Tuesday, January 29, 2013

What to do?

I mentioned that I bought more firewood over the weekend, the pile seemed to be disappearing at an alarming rate so I decided to take advantage of the frozen solid ground and get some more.  The only way to get a truck near my woodshed is for the truck to drive across the pasture, which can only happen when the ground is dry or frozen.  In order for the truck to get into the pasture, it has to get through the fence.  I usually just push the wire down to the ground and drive over it.  Simple, easy.

The firewood guy brought two loads and the second load arrived early Sunday morning while I was still asleep.  No problem, the guy just pushed the fence down, did his thing and left.  Later, when I went out, I checked to make sure the fence was up, it looked OK.  However, I failed to notice that a little farther down the fence-line, the wire had been cut.  I have no idea why.  Perhaps firewood guy was afraid he would get zapped.

I did not notice that the fence was down, but several hours later, when I had gone into the house for a breif break, the donkeys did.  Normally, it would be no problem, they were just out in the pasture after all.  Out in the pasture with Gabe though, that was the problem.  I glanced out the window to see Gabe chasing Ramsey, Emma franctically and futilely trying to intervene and Tessa just plain confussed.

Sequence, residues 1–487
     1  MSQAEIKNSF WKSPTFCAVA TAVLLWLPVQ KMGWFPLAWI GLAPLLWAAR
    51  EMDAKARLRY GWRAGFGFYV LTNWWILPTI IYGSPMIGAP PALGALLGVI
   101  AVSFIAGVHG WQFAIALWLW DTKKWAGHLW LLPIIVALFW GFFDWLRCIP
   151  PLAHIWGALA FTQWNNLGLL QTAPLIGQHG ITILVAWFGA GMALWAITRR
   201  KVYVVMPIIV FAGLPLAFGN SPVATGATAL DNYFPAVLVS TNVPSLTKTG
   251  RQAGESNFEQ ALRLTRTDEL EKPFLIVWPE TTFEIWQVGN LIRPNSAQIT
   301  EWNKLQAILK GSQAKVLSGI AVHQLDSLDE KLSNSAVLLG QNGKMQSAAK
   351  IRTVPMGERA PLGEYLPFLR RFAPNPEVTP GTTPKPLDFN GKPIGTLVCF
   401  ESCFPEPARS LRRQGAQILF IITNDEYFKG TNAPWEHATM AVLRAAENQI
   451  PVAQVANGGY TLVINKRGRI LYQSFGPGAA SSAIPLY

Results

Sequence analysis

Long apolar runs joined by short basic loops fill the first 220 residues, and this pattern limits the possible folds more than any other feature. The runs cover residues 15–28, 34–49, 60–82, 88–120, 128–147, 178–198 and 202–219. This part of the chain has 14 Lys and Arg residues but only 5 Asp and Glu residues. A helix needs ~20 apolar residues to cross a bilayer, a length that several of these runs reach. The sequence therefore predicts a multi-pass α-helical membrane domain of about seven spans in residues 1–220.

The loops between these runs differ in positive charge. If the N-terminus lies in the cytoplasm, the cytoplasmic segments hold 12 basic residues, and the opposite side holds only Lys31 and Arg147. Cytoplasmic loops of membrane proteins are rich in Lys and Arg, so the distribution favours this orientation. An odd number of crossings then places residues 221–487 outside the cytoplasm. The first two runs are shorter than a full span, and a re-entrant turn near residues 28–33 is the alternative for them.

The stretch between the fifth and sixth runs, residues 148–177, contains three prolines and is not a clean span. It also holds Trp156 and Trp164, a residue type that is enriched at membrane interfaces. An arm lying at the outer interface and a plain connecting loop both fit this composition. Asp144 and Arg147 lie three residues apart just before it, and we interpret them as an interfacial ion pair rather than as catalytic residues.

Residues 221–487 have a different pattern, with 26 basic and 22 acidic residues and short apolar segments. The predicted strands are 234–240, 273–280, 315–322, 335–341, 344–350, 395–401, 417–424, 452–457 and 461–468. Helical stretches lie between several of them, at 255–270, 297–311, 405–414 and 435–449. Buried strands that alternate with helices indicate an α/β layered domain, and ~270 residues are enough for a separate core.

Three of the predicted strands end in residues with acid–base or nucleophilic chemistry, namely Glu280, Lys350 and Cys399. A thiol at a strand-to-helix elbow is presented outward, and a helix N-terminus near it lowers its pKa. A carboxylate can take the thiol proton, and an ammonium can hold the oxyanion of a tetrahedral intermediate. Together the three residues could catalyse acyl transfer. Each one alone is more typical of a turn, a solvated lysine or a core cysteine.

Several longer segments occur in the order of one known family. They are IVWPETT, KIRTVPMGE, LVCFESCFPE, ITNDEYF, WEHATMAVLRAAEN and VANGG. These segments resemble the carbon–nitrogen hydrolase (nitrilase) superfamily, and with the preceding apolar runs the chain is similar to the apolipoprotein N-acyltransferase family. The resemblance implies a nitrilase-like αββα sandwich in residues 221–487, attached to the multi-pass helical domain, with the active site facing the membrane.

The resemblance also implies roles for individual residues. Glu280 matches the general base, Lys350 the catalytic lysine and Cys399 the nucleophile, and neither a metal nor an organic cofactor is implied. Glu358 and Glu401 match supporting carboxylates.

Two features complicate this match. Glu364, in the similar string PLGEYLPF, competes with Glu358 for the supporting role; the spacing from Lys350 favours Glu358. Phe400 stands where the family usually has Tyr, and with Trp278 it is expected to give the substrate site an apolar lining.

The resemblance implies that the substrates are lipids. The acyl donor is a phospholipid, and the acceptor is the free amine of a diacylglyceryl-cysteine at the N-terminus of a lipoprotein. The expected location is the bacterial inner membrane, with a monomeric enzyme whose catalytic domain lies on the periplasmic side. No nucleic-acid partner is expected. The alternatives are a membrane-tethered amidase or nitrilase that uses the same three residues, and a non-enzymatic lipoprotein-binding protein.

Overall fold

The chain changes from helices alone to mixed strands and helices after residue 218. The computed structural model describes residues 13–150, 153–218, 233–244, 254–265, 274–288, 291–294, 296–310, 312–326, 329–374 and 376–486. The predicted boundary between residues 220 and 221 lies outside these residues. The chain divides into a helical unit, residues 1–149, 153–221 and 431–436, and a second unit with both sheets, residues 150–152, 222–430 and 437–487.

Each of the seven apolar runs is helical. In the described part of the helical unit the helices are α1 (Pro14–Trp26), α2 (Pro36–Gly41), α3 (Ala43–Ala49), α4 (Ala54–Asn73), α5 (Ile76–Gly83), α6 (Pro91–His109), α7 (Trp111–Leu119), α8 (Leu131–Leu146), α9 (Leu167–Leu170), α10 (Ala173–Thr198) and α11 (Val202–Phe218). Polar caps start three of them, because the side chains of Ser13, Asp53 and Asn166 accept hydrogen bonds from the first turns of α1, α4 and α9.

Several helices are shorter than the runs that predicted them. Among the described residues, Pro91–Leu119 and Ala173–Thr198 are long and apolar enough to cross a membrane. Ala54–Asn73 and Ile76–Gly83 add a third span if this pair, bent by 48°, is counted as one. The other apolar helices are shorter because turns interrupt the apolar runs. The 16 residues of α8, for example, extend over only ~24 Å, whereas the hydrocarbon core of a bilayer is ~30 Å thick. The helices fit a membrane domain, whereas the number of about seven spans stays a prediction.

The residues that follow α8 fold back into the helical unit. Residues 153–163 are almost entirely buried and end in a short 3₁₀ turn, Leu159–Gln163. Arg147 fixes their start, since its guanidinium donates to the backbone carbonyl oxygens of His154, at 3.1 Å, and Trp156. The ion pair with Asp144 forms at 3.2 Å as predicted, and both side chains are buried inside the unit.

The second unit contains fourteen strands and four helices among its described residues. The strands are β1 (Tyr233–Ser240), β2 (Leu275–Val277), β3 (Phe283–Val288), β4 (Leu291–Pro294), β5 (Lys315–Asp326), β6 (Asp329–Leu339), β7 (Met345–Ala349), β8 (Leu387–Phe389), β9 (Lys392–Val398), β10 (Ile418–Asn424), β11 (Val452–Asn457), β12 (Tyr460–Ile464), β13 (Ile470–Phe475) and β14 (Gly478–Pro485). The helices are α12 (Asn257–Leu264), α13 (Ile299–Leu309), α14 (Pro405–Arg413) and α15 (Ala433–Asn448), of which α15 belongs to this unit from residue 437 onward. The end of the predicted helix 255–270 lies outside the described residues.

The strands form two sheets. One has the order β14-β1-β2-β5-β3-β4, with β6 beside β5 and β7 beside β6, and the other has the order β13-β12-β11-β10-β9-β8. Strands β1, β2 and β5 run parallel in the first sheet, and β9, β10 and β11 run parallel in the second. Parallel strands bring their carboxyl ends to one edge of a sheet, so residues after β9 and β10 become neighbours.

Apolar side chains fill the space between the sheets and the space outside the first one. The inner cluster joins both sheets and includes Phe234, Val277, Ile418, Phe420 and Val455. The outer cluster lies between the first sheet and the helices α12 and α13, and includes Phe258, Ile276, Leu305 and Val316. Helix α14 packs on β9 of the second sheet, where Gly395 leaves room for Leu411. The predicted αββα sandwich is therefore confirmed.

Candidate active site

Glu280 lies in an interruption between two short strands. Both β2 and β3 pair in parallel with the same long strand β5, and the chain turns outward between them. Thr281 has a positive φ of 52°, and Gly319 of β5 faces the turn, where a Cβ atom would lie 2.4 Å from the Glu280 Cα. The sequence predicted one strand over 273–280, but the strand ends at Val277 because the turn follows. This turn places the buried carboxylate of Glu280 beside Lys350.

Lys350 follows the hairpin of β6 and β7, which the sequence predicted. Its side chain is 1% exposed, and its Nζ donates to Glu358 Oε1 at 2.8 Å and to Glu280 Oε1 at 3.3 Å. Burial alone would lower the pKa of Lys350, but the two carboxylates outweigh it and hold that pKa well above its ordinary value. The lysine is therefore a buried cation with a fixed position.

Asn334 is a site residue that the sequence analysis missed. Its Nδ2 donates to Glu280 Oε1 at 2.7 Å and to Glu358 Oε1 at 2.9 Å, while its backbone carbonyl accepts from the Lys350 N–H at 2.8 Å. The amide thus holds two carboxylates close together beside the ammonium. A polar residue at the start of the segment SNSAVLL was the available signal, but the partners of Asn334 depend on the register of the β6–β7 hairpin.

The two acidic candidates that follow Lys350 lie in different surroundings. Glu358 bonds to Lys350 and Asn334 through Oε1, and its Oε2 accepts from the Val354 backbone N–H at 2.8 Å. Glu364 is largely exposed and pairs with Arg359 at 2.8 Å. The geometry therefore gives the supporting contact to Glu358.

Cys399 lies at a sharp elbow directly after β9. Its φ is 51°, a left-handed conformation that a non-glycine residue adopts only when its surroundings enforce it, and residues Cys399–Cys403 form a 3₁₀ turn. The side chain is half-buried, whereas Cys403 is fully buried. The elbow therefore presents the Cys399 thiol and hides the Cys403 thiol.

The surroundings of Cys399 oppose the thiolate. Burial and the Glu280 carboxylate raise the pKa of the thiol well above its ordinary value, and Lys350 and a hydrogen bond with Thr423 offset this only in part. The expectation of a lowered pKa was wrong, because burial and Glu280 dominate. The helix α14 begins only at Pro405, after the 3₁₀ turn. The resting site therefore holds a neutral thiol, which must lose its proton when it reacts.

I ran out to rescue Ramsey and, eventually, I did just that.  He is unhurt and is OK.  However, I didn't make it there before Gabe had knocked Ramsey right off his feet and was pawing at him.  It was Tessa who saved the day by getting between them long enough for Ramsey to get up.  When Gabe tried to chase him again, Ramsey ran through the fence to escape.  (Here is one of the benefits of poly fencing, the fence got knocked down, but Ramsey was unscathed by running through it.) 

I rescued Ramsey and Emma, captured Gabe, fixed the fence, the chaos stopped and everyone is OK.  But what the hell do I do about this?  This is the second time something like this has happened and I think it is a miracle that Ramsey is unhurt.  I am very careful to keep Gabe separated from the donkeys, but obviously, not careful enough.  The reality is that, no matter how careful I am, stuff happens.  Fences break, gates get left open, animals panic.  Stuff happens.

I have to say that Gabe did not do any of this out of meanness or with the intent to harm.  He sees donkey chasing as a fun and wonderful game.  He grew up with several other rough and rowdy geldings who used to play hard and often.  He signals Ramsey out because he is the only other boy to play with.  Yes, some of it is a dominance issue, Gabe could be a bully if allowed.  Mostly it is fun, fun, fun.

Most horses and donkeys do play well together, Emma and Tessa are a perfect example of this.  Gabe just can't understand that body-slamming someone who weighs 1000 pounds less than he does is not acceptable.  I have no idea how to change this behavior, especially as it is normal horse behavior for a young gelding.